Straddling Centuries

June 2023 View more

A 100-year-old Hinsdale house gets a refresh that blends old and new

The foyer of the Hinsdale home

After years—or even decades—living in the same house, it’s easy to become stuck in the status quo: same furniture arrangements, same paint colors, same accessories. This was the case for a Hinsdale couple, who decided it was time to remodel their kitchen and family room after many years.

With this project complete, they faced a new problem: The rest of the first floor no longer seemed in sync with the remodeled areas. The couple felt like the remaining rooms looked like “grandmother’s house,” says Stephanie Sarris, principal designer and owner of Hinsdale-based Bellehaven Designs. When they decided that an entire first-floor redesign was in order, Sarris was hired to complete the project.

This, however, wasn’t to be your standard home refresh. The couple kept much of their existing furniture, which consisted of good-quality antiques and investment pieces that had served them well, were much loved, and fit the character of their 100-plus-year-old home.

“These clients have good taste and are lucky to own good furniture,” says Sarris, who notes that this approach is also more sustainable and budget friendly. She added paint, wallpaper, and upholstery in uplifting colors and prints and planned reupholstering of key pieces in fresh fabrics.

The designer kept the good vibes going by building on colors and styles used in the earlier phase of the project and adding colorful artworks that exude joy and happiness. “The most challenging part of working with any new client is learning their taste,” she says. “In this case, we were able to build upon our previous work together.”

1. (Above) Cole & Son wallpaper in the style of William Morris’s Arts and Crafts movement brightens up the foyer in this 100-plus-year-old Hinsdale home. Stephanie Sarris of Bellehaven Designs refreshed built-in cabinetry with Benjamin Moore’s Hale Navy to sync with a previously completed kitchen redesign. The flower-shaped light fixture was purchased from Visual Comfort & Co.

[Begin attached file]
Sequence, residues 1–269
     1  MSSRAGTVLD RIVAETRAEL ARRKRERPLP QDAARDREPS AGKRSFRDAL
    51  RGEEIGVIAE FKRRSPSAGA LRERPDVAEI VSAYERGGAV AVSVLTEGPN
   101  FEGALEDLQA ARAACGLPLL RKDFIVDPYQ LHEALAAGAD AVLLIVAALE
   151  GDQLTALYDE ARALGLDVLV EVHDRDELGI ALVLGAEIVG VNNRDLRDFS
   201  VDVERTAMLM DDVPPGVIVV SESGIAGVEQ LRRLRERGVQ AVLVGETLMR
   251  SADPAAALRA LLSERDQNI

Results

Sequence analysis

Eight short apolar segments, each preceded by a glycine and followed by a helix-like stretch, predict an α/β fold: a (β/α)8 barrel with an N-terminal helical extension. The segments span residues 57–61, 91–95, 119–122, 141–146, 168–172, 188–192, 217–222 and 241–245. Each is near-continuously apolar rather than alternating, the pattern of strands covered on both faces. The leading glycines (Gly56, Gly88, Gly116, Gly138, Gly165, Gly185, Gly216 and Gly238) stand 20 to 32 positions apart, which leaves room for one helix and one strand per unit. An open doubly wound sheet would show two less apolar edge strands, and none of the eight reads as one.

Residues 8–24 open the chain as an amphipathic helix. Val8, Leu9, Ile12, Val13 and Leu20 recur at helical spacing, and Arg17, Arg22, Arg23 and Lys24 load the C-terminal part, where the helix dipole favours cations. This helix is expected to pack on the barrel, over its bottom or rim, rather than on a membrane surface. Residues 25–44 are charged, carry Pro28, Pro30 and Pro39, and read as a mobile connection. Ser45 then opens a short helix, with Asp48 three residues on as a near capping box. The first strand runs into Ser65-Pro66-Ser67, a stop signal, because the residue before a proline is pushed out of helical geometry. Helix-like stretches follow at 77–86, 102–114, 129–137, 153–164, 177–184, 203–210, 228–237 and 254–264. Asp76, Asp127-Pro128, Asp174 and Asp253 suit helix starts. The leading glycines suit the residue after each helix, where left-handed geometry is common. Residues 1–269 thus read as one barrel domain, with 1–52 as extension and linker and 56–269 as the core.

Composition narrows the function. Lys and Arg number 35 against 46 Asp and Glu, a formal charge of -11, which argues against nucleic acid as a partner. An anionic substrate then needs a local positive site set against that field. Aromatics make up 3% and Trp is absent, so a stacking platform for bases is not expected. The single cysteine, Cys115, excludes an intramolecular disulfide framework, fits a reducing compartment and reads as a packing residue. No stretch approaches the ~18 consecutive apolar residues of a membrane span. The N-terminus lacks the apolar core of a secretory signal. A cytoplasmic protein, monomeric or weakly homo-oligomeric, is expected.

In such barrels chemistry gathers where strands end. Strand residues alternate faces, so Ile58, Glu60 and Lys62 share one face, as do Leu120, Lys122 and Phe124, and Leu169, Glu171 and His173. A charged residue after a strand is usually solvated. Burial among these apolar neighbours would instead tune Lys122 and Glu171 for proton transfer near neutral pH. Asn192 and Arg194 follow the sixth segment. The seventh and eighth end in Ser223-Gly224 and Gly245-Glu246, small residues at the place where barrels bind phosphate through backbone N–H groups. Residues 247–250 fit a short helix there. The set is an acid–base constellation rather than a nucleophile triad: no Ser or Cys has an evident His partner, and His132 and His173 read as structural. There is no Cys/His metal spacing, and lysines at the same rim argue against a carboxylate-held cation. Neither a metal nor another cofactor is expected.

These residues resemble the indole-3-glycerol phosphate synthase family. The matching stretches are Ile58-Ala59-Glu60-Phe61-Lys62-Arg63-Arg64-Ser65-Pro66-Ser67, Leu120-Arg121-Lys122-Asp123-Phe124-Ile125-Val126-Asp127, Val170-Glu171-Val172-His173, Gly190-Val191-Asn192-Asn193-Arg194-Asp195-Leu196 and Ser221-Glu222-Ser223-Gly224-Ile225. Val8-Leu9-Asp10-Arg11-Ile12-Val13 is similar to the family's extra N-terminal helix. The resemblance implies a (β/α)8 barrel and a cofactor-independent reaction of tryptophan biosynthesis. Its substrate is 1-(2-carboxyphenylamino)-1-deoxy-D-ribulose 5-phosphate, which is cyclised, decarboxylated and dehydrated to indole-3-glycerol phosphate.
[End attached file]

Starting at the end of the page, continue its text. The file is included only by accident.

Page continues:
The sitting room of the Hinsdale home

2. Sapphire blue swivel chairs by the Charles Stewart Company were among the few new pieces of furniture added in this refresh. The clients instead chose to reupholster many existing quality pieces, such as the sitting-room love seat (seen from behind). Local artist Maureen Claffy’s piece Tree of Life adds color and joy to the mostly neutral room.


A pair of vases in the Hinsdale home

3. Old and new elements harmonize after Sarris’s redesign, such as a pair of West Elm vases atop a sideboard already owned by the clients and a century-old French chandelier with three different kinds of hand-carved crystals.


The dining room of the Hinsdale home

4. Several different patterns in teal coexist happily in the dining room, including a leafy William Morris Co. wallpaper and a Dash & Albert rug made of recycled sari silk. Sarris chose white accessories to counterbalance the formal furniture. Hinsdale artist Maureen Claffy, a friend of Sarris’s, created the artwork (titled Expansion) that hangs above the buffet.


Windows in the Hinsdale home

5. Navy and teal paint combine for a lively vibe in the sunroom, continuing a color motif found throughout the first floor. Sarris, the designer, corralled plants in a trough for a neat look and replaced the hardware in the windows, which had been painted over many times throughout the decades.


A unique lamp in the dining room of the Hinsdale home

6. A whimsical Anthropologie tree-and-bird lamp keeps the dining room from becoming too stuffy.


The decorated coffee table of the Hinsdale home

7. Sarris bought interesting and attractive books from Amazon to enliven the family room coffee table, artfully combining them with gold West Elm trays and Anthropologie candles, as well as items from the homeowners’ personal collection.


A sunny window in the Hinsdale home

8. A sunny window is now a favorite perch for reading or for cozying up with a drink. Two Victorian-style chairs, previously decorated with needlepoint, have new life after being reupholstered in a cut velvet botanical fabric by Osborne & Little (see “Time to Reup?”).


Photos: Michael Kaskel